Molecular and phylogenetic analysis of HIV-1 variants circulating among injecting drug users in Mashhad-Iran
1 Inst. of Infectious Diseases, Univ. of Mashhad –, Iran
2 Viral Oncogenesis and Immunotherapy & AIDS Refer. Center, Ist. Naz. Tumori "Fond. G. Pascale", Naples –, Italy
3 Epidemiology Unit, Dept. Infectious Diseases, ISS, Rome –, Italy
4 Allergy and Immunology Dept, Univ. of Mashhad –, Iran
Infectious Agents and Cancer 2006, 1:4 doi:10.1186/1750-9378-1-4Published: 19 September 2006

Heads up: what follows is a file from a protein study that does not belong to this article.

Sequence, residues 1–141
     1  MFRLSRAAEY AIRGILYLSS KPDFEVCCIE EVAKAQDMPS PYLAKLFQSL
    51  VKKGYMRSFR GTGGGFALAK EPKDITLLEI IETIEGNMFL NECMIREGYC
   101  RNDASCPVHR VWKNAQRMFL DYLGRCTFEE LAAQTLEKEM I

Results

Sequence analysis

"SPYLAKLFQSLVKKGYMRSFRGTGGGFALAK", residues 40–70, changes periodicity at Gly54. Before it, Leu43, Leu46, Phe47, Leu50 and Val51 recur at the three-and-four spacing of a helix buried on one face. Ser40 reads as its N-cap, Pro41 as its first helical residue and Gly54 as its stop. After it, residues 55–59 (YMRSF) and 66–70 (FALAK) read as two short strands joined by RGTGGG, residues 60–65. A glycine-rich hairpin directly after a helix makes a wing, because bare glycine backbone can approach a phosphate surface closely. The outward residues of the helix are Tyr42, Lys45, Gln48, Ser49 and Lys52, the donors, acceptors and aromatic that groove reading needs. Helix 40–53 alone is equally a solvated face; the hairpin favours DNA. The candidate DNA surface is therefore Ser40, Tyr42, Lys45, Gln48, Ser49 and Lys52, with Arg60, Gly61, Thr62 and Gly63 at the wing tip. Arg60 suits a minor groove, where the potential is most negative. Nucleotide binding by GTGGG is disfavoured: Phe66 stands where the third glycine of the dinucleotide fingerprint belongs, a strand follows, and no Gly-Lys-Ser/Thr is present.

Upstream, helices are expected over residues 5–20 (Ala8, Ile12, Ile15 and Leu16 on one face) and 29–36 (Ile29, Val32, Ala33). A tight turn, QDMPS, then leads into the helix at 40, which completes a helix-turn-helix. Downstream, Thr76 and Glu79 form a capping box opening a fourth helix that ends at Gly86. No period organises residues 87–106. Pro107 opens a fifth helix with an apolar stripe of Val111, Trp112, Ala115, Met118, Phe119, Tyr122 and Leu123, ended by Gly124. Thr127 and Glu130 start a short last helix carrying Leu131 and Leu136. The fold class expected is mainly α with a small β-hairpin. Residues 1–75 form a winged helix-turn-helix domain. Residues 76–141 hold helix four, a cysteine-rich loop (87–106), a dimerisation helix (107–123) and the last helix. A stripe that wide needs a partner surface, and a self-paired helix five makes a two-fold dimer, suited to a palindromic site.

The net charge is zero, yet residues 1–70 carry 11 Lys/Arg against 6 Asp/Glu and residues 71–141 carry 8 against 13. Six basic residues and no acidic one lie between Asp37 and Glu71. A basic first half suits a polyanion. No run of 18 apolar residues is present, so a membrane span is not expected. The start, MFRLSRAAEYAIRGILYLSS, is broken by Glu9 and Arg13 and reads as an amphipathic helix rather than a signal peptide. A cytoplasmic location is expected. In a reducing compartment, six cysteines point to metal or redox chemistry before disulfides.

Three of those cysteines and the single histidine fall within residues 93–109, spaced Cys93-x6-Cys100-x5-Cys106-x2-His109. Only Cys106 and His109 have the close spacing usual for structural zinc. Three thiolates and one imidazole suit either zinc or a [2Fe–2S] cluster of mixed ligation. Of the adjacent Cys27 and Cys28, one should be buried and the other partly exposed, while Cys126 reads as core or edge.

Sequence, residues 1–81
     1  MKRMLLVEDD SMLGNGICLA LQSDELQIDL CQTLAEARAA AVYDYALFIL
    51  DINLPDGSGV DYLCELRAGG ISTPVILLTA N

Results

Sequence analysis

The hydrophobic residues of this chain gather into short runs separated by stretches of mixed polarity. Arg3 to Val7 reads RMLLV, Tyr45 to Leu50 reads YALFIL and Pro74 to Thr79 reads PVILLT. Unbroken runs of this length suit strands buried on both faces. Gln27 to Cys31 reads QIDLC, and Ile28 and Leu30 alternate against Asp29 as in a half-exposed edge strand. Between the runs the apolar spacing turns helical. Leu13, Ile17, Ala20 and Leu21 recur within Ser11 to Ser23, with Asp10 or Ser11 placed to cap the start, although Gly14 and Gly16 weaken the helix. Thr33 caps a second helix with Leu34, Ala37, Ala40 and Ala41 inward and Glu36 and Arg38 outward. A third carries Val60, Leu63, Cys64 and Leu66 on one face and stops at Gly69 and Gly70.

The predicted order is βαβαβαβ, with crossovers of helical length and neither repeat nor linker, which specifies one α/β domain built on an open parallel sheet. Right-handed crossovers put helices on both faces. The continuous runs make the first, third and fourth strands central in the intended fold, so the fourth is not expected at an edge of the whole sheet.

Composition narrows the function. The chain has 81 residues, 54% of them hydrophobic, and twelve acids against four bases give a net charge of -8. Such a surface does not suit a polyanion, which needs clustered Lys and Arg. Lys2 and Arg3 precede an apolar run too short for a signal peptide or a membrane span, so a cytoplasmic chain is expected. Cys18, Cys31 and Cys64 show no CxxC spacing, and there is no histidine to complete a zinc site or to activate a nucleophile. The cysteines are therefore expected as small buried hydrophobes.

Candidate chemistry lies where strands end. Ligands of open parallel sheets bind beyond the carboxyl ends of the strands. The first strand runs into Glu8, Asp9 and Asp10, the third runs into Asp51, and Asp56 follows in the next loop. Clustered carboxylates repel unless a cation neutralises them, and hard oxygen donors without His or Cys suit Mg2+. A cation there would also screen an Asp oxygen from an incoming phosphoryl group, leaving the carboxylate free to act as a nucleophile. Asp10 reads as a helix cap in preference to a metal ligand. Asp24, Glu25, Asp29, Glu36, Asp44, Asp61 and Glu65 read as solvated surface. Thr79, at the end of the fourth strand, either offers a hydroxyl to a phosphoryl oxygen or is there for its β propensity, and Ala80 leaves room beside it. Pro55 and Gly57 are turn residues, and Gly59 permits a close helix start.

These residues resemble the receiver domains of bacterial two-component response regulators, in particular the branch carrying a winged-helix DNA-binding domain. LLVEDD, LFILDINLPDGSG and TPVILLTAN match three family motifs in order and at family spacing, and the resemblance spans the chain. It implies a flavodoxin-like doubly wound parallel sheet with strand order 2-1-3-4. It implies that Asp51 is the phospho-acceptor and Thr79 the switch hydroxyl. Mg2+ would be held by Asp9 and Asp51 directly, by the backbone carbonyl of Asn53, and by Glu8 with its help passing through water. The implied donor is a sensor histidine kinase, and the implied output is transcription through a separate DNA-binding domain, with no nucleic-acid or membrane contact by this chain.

Genetic and phylogenetic information on the HIV-1 epidemic in Middle-East Countries, and in particular in Iran, are extremely limited. By March 2004, the Iranian Ministry of Health officially reported a cumulative number of 6'532 HIV positive individuals and 214 AIDS cases in the Iranian HIV-1 epidemic. The intra-venous drug users (IDUs) represent the group at highest risk for HIV-1 infection in Iran, accounting for almost 63% of all HIV-infected population. In this regards, a molecular phylogenetic study has been performed on a sentinel cohort of HIV-1 seropositive IDUs enrolled at the end of 2005 at the University of Mashhad, the largest city North East of Tehran. The study has been performed on both gag and env subgenomic regions amplified by Polymerase Chain Reaction (PCR) from peripheral blood mononuclear cells (PBMCs) and characterized by direct DNA sequence analysis. The results reported here show that the HIV-1 subtype A is circulating in this IDUs sentinel cohort. Moreover, the single phylogenetic cluster as well as the intra-group low nucleotide divergence is indicative of a recent outbreak. Unexpectedly, the Iranian samples appear to be phylogenetically derived from African Sub-Saharan subtype A viruses, raising stirring speculations on HIV-1 introduction into the IDUs epidemic in Mashhad. This sentinel study could represent the starting point for a wider molecular survey of the HIV-1 epidemics in Iran to evaluate in detail the distribution of genetic subtypes and possible natural drug-resistant variants, which are extremely helpful information to design diagnostic and therapeutic strategies.